Show simple item record

dc.contributor.authorda Cruz, Raquel S
dc.contributor.authorCarney, Elissa J
dc.contributor.authorClarke, Johan
dc.contributor.authorCao, Hong
dc.contributor.authorCruz, M. I
dc.contributor.authorBenitez, Carlos
dc.contributor.authorJin, Lu
dc.contributor.authorFu, Yi
dc.contributor.authorCheng, Zuolin
dc.contributor.authorWang, Yue
dc.contributor.authorde Assis, Sonia
dc.date.accessioned2018-09-04T12:52:15Z
dc.date.available2018-09-04T12:52:15Z
dc.date.issued2018-08-30
dc.identifier.citationBreast Cancer Research. 2018 Aug 30;20(1):99
dc.identifier.urihttp://hdl.handle.net/10919/84950
dc.description.abstractAbstract Background While many studies have shown that maternal factors in pregnancy affect the cancer risk for offspring, few studies have investigated the impact of paternal exposures on their progeny’s risk of this disease. Population studies generally show a U-shaped association between birthweight and breast cancer risk, with both high and low birthweight increasing the risk compared with average birthweight. Here, we investigated whether paternal malnutrition would modulate the birthweight and later breast cancer risk of daughters. Methods Male mice were fed AIN93G-based diets containing either 17.7% (control) or 8.9% (low-protein (LP)) energy from protein from 3 to 10 weeks of age. Males on either group were mated to females raised on a control diet. Female offspring from control and LP fathers were treated with 7,12-dimethylbenz[a]anthracene (DMBA) to initiate mammary carcinogenesis. Mature sperm from fathers and mammary tissue and tumors from female offspring were used for epigenetic and other molecular analyses. Results We found that paternal malnutrition reduces the birthweight of daughters and leads to epigenetic and metabolic reprogramming of their mammary tissue and tumors. Daughters of LP fathers have higher rates of mammary cancer, with tumors arising earlier and growing faster than in controls. The energy sensor, the AMP-activated protein kinase (AMPK) pathway, is suppressed in both mammary glands and tumors of LP daughters, with consequent activation of mammalian target of rapamycin (mTOR) signaling. Furthermore, LP mammary tumors show altered amino-acid metabolism with increased glutamine utilization. These changes are linked to alterations in noncoding RNAs regulating those pathways in mammary glands and tumors. Importantly, we detect alterations in some of the same microRNAs/target genes found in our animal model in breast tumors of women from populations where low birthweight is prevalent. Conclusions Our study suggests that ancestral paternal malnutrition plays a role in programming offspring cancer risk and phenotype by likely providing a metabolic advantage to cancer cells.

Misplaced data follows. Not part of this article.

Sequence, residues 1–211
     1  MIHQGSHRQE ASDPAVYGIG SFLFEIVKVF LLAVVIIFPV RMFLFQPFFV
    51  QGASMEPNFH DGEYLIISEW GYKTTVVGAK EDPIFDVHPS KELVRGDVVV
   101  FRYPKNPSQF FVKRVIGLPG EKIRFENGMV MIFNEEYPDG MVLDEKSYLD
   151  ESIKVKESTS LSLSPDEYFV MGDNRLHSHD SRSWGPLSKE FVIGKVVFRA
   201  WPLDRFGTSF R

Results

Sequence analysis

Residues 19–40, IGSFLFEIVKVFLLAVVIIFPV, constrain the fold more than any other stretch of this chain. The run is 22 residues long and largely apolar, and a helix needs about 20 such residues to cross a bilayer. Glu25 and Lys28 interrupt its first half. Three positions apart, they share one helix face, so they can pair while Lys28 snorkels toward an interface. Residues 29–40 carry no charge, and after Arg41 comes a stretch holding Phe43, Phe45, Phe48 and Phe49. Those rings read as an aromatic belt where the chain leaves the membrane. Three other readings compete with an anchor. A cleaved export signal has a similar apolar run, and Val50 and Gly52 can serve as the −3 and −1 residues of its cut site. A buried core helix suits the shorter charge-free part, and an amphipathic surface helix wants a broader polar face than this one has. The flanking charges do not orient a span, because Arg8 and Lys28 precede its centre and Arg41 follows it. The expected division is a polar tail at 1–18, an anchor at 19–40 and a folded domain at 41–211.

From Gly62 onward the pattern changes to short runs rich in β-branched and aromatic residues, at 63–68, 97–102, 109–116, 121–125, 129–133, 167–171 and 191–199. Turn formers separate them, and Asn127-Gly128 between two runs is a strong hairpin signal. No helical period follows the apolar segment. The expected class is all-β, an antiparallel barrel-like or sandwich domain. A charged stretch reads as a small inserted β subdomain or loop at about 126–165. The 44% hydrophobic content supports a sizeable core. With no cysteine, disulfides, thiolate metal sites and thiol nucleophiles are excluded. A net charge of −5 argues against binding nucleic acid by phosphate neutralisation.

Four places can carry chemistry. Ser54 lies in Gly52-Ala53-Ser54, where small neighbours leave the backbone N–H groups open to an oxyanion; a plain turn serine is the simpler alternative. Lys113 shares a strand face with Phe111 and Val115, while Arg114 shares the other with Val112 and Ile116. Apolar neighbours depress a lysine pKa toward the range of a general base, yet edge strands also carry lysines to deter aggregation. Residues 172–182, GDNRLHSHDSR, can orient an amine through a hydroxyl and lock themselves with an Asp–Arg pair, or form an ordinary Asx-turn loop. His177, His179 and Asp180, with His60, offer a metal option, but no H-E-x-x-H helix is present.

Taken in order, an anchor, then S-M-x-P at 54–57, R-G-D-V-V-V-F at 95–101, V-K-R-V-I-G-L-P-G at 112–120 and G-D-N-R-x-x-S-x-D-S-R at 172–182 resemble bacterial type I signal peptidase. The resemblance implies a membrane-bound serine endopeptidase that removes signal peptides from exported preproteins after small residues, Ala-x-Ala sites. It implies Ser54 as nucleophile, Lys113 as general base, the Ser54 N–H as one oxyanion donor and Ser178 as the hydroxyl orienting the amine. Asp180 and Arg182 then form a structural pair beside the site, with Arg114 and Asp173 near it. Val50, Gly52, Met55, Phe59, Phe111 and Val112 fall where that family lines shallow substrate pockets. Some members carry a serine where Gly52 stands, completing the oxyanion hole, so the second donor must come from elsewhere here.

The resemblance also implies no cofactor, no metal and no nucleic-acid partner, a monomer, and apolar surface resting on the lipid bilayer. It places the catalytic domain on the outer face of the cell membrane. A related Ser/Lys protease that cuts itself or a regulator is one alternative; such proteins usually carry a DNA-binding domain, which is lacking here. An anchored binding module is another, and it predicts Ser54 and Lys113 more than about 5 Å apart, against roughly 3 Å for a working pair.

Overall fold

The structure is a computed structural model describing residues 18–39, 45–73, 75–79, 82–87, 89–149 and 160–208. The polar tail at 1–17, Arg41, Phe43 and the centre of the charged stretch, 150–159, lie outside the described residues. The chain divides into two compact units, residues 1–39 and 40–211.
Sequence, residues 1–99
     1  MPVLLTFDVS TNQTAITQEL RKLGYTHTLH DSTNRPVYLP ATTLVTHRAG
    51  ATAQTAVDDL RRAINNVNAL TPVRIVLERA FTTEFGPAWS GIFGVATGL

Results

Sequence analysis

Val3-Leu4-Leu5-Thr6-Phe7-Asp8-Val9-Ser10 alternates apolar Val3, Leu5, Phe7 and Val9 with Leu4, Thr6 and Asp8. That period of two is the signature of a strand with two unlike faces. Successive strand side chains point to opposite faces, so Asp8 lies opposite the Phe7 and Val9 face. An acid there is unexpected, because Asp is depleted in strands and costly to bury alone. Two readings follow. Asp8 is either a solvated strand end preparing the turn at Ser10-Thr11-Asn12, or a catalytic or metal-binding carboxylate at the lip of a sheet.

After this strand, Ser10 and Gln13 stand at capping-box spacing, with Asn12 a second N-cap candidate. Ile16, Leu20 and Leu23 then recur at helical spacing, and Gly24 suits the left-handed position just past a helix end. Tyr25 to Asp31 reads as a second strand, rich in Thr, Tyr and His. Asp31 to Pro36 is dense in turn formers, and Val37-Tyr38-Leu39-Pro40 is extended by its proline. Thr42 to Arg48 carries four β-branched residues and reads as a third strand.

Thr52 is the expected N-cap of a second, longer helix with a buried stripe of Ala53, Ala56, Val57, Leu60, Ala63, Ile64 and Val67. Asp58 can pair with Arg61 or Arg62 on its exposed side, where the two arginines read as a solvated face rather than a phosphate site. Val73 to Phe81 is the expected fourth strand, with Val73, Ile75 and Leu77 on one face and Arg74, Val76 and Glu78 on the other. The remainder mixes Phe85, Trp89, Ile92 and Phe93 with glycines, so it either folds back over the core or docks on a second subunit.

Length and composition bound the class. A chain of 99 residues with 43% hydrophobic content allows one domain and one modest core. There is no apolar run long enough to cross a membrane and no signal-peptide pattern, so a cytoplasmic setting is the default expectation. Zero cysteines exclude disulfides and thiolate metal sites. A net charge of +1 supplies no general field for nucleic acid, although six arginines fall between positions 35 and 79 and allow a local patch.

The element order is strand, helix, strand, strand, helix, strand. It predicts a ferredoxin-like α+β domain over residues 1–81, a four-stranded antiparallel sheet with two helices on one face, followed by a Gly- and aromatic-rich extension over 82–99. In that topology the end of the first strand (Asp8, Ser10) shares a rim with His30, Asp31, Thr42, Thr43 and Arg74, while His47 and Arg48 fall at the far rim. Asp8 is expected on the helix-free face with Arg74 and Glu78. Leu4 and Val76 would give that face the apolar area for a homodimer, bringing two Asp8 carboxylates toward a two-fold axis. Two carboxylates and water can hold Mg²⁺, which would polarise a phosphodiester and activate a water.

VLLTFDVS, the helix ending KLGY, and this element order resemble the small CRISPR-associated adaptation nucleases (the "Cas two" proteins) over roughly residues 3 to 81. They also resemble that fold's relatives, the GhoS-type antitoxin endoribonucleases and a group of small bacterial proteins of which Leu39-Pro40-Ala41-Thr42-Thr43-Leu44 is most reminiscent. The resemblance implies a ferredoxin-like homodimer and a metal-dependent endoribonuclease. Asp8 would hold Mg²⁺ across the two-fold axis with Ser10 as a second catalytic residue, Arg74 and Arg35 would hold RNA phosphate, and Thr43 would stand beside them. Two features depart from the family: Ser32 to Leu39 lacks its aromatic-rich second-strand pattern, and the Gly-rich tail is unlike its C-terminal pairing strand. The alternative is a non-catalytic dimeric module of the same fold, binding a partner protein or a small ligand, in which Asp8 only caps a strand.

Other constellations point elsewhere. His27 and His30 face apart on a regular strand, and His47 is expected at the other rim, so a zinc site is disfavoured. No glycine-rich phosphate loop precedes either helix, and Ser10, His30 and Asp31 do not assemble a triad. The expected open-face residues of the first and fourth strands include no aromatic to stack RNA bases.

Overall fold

dc.format.mimetypeapplication/pdf
dc.language.isoen_US
dc.rightsCreative Commons Attribution 4.0 International*
dc.rights.urihttp://creativecommons.org/licenses/by/4.0/*
dc.titlePaternal malnutrition programs breast cancer risk and tumor metabolism in offspringen_US
dc.typeArticle - Refereed
dc.date.updated2018-09-02T03:19:09Z
dc.description.versionPeer Reviewed
dc.rights.holderThe Author(s).en_US
dc.title.serialBreast Cancer Research
dc.identifier.doihttps://doi.org/10.1186/s13058-018-1034-7
dc.type.dcmitypeText


Files in this item

Thumbnail

This item appears in the following Collection(s)

Show simple item record

Creative Commons Attribution 4.0 International
License: Creative Commons Attribution 4.0 International